Why a business plan pays

by | Oct 12, 2020

Photo: Y-Boychenko /depositphoto.com

How putting your idea on paper can legitimize you and your concept


Every one of us has had a light bulb moment – an amazing business idea that will change the world for the better, earning us fame and fortune.

Sadly, the vast majority of these never leave our heads, and of those that do see the light of day, only a tiny percentage develop into successful enterprises.

This probably isn’t surprising considering the huge number of obstacles ready to trip us up at every turn – some we are able to control relatively easily, others we don’t even see coming.

What is true is that the entrepreneurial journey is fast-paced, time is scarce and we are operating in a rapidly-changing environment.

But this doesn’t mean it needs to be scary or daunting – we never get in our car and drive aimlessly, hoping we will find our way to our destination, so why would we with our new venture?

I had never been a big fan of making a business plan, but I realized that writing everything down meant I could give myself a clear direction to follow rather than getting confused and lost among all the possibilities I faced at every turn.

It is also one of the best ways to legitimize a product, and you as the entrepreneur behind it, in the eyes of potential partners and investors.

Here are some reasons why a route map is essential to the success of your business:


    1. Build your Business on paper first


    When we start developing our business idea, we are at the mercy of so many factors, many of which are out of our control – including the economy, global pandemics, the rise of new technologies, consumer trends and even fortune, being in the right place at the right time.

    But that doesn’t mean we should just proceed blind.

    Even if you aren’t sure of the route you want to go down, there are many things that can be mapped before you actually jump into the madness called entrepreneurship.

    Having a personal “how-to-guide” can provide a focus and a template, giving clarity over the direction you want to move in.

    But more importantly, it will force you to think about the difficult questions and issues that will be essential if your business is to get off the ground and survive.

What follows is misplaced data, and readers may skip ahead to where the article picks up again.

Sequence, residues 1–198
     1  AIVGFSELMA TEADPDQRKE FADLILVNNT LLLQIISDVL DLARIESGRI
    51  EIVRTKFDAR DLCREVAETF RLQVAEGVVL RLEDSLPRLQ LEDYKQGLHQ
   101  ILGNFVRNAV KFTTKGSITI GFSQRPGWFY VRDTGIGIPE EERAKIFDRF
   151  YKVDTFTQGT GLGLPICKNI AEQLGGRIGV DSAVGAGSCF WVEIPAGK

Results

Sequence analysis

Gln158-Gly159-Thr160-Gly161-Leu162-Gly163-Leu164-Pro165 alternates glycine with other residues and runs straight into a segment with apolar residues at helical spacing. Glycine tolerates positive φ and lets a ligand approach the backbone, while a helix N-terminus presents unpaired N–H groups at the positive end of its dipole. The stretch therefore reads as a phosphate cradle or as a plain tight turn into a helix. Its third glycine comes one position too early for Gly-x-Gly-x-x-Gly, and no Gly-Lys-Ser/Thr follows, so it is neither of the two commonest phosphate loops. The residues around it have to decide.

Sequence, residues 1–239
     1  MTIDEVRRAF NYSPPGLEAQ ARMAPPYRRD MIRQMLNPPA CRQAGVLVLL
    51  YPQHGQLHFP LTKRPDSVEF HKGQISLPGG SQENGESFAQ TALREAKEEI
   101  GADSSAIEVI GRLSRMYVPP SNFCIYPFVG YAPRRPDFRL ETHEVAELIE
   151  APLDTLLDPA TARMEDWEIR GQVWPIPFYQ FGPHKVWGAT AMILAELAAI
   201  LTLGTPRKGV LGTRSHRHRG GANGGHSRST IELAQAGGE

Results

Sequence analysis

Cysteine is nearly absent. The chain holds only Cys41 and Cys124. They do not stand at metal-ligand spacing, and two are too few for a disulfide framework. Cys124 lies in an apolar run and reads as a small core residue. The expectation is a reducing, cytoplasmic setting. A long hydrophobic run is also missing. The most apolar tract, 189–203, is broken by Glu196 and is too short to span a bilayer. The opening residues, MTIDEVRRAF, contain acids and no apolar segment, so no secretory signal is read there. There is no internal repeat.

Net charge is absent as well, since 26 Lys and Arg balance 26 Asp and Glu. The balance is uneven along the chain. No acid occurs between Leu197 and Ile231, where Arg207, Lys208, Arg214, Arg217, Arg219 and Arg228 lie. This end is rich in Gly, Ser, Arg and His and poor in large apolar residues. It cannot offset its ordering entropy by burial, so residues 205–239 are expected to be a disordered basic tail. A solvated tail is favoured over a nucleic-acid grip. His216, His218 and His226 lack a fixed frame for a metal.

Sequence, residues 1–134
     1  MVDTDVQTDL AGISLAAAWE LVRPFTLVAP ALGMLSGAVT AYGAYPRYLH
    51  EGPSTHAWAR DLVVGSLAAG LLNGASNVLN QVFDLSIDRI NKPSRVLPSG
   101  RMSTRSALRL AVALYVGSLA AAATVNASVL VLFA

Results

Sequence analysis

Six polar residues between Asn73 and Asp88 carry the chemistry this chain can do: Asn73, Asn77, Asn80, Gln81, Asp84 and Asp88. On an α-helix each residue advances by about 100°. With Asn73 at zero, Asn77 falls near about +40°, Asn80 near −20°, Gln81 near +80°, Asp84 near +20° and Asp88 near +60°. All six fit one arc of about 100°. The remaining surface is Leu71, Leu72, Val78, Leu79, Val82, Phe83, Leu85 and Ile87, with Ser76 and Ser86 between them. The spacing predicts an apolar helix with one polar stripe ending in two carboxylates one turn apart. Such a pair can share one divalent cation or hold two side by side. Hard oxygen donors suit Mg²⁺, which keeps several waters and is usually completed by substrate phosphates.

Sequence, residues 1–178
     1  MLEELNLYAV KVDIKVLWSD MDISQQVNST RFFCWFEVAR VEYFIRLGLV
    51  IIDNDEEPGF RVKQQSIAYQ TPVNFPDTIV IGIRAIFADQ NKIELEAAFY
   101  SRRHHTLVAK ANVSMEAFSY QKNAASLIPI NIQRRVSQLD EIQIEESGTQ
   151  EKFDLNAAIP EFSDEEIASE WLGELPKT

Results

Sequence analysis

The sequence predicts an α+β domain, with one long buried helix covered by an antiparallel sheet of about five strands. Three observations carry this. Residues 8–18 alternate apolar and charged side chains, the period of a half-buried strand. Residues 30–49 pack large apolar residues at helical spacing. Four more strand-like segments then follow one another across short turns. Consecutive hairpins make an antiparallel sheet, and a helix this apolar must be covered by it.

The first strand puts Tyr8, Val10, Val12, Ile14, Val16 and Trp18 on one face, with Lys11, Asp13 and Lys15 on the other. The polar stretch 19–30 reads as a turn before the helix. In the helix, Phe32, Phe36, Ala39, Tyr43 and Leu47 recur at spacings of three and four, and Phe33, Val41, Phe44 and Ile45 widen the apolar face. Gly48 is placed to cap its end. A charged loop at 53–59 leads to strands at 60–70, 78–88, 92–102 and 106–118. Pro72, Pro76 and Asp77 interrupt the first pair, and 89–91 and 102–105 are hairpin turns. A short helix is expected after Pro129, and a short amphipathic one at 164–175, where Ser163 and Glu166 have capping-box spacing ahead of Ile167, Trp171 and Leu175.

• I know my product is great, but why should anyone else care, and how can I convince them they need it?
    • I believe in my idea passionately but am totally broke. Where do I get money from to build a prototype and get it to market?
    • Where can I find a great supplier who understands my vision and is able to produce the quality product I have designed?
    • When I count up the hours I put in, plus the cost of creating the product, shipment, packaging, storage and marketing – can I actually make any money?

    At the start of the journey, your mind can just seem like a big mess of thoughts and ideas – this process should give you a direction of travel you can move towards more confidently.


    2. Set your Goals and commit to them

    There are many benefits to having a business plan – and perhaps one of the greatest is purely psychological.

    With your goals written down in front of you, not only have you given yourself a target to aim for, but it all seems far more real and achievable than it was when it was just an idea in your head.

    You have also set yourself on a journey, and instead of having many ideas of which direction you should take, you have outlined the single “best” path for you.

    This is an essential part of the process, where we set goals and compel ourselves to act upon them, according to the Goal Setting Theory by Gary P. Latham and Edwin A. Locke.

    Of course, life isn’t a perfect science, and if it were as simple as following our laid-out route to greatness, we would all be millionaires.

    Many things will change and alter your vision as you journey on your chosen path.